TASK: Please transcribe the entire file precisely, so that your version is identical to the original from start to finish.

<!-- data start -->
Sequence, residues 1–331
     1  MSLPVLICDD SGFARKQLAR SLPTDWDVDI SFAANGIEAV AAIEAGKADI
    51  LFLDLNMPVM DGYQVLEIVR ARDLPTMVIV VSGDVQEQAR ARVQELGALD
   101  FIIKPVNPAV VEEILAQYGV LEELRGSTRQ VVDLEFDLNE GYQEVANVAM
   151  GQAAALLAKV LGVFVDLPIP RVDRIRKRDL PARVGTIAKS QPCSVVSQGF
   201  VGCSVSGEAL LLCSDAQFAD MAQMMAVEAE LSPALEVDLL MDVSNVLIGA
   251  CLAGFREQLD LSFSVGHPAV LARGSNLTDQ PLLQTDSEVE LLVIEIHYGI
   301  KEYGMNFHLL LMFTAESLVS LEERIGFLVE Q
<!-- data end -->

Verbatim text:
Sequence, residues 1–331
     1  MSLPVLICDD SGFARKQLAR SLPTDWDVDI SFAANGIEAV AAIEAGKADI
    51  LFLDLNMPVM DGYQVLEIVR ARDLPTMVIV VSGDVQEQAR ARVQELGALD
   101  FIIKPVNPAV VEEILAQYGV LEELRGSTRQ VVDLEFDLNE GYQEVANVAM
   151  GQAAALLAKV LGVFVDLPIP RVDRIRKRDL PARVGTIAKS QPCSVVSQGF
   201  VGCSVSGEAL LLCSDAQFAD MAQMMAVEAE LSPALEVDLL MDVSNVLIGA
   251  CLAGFREQLD LSFSVGHPAV LARGSNLTDQ PLLQTDSEVE LLVIEIHYGI
   301  KEYGMNFHLL LMFTAESLVS LEERIGFLVE Q